Thus, with the exception of medical marijuana, I think that legalization of the drug can only lead to an increasing lack of awareness concerning its ill effects, and a rise in the use among young people. There may also be an increase in the number of people who suffer from the above-mentioned health problems.

Employer Who Provides Bucket as Toilet Faces $4M Lawsuit

Andrew Lane was using the restroom at work when he was killed by carbon monoxide poisoning. Mr. Lane’s crew was cleaning the gutter and pressure washing a home in Oregon when Lane was killed. His employer, Superior Home Maintenance, only provided a bucket for its employees’ restroom needs. So when 22 year old Lane went to use the bucket in the rear of the work truck, he was poisoned by the carbon monoxide emitted by an adjacent washer.

The tragic incident occurred on May 13, 2014, in the afternoon, after which Lane’s co-workers discovered his body in the rear of the truck. They had been working outside a home, and according to the attorney for the victim’s estate, they were instructed not to use the bathrooms inside the home. The lawsuit depicts the company’s toilet policy for workers as “demeaning, debasing, and dehumanizing.”

In its defense, Superior Home Maintenance claimed that the main cause of the worker’s death was use of methamphetamines, and not carbon monoxide poisoning. While the first autopsy revealed that the victim died from using methamphetamines, a second autopsy determined that carbon monoxide poisoning was the cause of death. Bucket system toilet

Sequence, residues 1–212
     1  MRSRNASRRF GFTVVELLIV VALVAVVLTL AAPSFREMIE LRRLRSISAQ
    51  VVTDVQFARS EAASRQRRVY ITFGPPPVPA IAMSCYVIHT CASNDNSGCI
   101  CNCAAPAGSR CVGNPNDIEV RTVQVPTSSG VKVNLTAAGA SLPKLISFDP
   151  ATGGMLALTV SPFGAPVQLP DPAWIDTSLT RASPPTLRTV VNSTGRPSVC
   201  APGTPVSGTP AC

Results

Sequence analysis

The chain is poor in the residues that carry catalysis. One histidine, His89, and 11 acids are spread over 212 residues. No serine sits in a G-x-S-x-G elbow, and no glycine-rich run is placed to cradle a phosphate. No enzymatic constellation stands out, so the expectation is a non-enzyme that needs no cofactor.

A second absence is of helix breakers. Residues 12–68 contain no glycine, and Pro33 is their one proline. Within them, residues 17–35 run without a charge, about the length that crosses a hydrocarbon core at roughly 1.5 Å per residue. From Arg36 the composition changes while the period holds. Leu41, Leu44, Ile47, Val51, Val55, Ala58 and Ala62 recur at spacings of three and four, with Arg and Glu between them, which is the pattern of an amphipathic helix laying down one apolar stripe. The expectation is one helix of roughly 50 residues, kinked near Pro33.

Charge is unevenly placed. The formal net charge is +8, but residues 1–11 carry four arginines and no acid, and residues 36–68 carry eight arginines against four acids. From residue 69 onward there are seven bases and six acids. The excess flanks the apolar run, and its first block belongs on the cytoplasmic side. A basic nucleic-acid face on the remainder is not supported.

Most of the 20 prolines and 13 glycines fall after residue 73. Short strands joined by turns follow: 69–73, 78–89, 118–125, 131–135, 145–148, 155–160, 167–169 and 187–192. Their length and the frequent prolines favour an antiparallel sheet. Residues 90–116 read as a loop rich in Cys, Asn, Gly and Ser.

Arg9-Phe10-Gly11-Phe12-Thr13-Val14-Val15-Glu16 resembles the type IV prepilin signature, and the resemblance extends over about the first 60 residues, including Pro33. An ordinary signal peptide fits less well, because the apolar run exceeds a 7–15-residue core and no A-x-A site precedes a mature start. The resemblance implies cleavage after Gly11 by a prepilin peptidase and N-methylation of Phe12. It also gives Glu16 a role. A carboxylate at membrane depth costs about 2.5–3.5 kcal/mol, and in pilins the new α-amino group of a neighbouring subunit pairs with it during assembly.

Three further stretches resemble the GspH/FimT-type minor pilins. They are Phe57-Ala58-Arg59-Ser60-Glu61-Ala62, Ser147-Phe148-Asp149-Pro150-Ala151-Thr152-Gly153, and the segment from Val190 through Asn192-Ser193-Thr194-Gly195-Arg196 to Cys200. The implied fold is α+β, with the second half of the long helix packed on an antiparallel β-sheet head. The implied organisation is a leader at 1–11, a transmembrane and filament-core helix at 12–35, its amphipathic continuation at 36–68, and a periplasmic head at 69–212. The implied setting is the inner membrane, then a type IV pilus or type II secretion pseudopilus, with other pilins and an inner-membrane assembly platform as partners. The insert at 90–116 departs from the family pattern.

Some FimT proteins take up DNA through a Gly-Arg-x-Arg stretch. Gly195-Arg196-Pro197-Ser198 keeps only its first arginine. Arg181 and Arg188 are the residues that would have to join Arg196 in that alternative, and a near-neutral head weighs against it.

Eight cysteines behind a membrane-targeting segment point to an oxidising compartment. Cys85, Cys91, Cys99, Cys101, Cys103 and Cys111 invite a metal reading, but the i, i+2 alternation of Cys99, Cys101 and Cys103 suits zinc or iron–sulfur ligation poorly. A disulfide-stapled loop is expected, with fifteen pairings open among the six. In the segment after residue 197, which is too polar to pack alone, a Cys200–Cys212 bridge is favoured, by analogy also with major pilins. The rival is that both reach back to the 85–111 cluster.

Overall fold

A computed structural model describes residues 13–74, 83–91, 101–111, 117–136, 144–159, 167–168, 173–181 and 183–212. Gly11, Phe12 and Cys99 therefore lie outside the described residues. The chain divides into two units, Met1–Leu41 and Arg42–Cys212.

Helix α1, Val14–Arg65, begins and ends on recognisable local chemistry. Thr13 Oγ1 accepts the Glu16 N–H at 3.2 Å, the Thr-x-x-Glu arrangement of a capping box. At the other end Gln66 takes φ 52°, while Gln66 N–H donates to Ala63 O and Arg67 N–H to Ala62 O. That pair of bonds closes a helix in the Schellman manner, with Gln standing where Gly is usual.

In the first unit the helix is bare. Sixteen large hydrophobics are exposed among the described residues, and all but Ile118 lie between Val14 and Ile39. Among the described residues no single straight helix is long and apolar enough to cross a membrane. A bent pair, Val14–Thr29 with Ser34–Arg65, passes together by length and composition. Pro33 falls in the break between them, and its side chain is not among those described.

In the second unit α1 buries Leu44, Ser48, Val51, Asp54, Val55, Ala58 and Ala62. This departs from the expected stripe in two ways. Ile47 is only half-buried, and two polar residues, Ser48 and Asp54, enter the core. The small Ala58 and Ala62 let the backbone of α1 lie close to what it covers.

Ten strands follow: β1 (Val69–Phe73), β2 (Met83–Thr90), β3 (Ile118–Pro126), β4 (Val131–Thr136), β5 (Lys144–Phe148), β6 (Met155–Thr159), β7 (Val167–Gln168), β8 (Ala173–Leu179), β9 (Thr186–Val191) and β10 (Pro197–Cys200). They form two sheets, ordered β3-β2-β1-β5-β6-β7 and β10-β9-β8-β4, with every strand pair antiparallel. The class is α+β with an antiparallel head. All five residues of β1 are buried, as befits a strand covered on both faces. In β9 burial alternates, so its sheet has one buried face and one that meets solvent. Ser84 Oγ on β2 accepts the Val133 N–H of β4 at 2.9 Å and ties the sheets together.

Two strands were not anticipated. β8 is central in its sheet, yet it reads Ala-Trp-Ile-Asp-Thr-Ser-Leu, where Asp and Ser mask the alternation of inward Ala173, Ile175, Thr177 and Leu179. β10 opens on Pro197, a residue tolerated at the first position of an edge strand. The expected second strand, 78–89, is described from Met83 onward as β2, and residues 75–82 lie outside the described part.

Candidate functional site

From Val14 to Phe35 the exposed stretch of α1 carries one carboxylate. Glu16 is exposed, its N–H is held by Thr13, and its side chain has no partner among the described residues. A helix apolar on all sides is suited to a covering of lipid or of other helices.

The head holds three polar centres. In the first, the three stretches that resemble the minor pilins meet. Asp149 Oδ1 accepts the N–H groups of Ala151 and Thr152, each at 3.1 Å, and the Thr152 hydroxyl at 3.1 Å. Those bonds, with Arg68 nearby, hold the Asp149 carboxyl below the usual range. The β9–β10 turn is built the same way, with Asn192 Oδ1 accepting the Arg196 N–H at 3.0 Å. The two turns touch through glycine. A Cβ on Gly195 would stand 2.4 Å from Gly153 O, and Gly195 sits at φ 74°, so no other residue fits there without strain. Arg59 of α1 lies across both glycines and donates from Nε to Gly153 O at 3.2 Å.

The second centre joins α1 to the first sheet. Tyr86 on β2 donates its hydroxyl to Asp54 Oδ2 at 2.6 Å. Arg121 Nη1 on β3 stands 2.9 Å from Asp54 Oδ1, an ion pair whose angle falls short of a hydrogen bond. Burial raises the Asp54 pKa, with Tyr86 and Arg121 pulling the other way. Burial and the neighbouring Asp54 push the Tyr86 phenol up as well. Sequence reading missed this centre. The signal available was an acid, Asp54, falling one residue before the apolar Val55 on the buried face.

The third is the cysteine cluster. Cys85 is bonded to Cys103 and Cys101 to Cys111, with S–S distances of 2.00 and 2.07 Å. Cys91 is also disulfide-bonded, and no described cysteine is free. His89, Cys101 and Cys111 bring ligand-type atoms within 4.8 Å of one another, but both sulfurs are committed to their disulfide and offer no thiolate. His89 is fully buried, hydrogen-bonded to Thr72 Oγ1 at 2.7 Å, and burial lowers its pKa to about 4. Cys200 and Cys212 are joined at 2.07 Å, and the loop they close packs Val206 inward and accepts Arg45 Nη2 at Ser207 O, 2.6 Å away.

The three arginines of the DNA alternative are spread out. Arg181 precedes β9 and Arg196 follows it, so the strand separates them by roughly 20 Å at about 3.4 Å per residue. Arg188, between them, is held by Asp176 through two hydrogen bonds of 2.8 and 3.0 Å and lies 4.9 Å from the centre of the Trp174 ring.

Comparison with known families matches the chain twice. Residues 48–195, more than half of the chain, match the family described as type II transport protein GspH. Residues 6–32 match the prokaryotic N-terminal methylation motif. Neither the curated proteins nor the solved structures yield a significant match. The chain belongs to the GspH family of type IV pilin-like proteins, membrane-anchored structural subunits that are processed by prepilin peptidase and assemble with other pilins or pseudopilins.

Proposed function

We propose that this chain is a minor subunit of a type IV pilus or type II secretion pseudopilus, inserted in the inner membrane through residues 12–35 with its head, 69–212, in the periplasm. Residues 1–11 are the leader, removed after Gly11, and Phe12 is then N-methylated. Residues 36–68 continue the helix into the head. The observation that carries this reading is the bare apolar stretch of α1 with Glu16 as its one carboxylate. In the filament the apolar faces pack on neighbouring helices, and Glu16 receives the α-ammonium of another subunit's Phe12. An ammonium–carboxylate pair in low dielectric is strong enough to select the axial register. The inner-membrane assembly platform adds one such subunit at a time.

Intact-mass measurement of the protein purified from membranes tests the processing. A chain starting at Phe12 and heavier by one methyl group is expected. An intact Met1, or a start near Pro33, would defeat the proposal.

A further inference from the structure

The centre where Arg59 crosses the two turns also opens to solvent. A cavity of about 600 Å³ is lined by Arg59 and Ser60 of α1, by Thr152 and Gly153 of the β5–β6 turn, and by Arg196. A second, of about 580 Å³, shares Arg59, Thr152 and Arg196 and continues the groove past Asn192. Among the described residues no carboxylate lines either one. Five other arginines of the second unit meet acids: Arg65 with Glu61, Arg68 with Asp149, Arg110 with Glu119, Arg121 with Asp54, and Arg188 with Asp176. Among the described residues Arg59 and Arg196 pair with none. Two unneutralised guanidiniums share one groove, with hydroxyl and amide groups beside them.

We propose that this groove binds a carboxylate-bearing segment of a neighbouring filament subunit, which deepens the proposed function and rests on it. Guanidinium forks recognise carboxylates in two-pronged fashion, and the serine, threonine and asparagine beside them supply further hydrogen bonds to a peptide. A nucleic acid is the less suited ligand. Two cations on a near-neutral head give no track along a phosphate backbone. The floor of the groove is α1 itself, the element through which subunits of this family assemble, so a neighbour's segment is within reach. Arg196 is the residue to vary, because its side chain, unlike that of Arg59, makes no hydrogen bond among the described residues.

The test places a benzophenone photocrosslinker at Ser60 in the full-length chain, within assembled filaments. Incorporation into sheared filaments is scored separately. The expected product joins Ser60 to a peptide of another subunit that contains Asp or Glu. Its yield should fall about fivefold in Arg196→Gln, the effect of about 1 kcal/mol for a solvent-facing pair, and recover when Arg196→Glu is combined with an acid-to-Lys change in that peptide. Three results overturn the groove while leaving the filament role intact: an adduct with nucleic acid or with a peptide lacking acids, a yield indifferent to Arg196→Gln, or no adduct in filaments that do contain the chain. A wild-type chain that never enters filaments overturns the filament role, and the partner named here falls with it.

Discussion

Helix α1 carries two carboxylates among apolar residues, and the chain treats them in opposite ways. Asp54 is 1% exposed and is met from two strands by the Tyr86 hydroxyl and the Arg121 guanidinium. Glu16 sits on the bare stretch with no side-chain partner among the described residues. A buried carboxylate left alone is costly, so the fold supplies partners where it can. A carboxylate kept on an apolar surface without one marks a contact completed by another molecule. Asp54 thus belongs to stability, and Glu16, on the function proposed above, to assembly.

The results of the second autopsy were confirmed by a report from the Occupational Safety and Health Administration (OSHA) that was issued in September 2014. According to the report, the pressure washer, which was secured to the floor of the cargo area inside the truck, filled the truck with toxic amounts of carbon monoxide in less than one minute.

Lane’s estate alleges that his employer was aware he suffered from irritable bowel syndrome (IBS), a digestive disorder that is marked by a sudden and frequent need to use the restroom. OSHA requires that on the majority of jobs, employees have reasonable access to toilet facilities. An investigation conducted by OSHA disclosed that on the day of the victim’s death, the closest public restroom was eight minutes away from the job site by car.

Just three years ago, in 2012, two workers received a jury award of $332,000 in a lawsuit against their employer, who failed to provide toilet facilities at their job site. Like Andrew Lane, the two men also used a bucket, and after filing a complaint with OSHA, an inspector from OSHA cited the company for neglecting to provide bathroom facilities. The men were terminated from their jobs that same month. As the jurors in that case stated, “having easy access to a toilet is a basic human right.”

Mr. Lane’s death could easily have been prevented if his employer had merely read and taken heed of the warnings outlined in the owner’s manual for the pressure washer. Among the warnings were the following: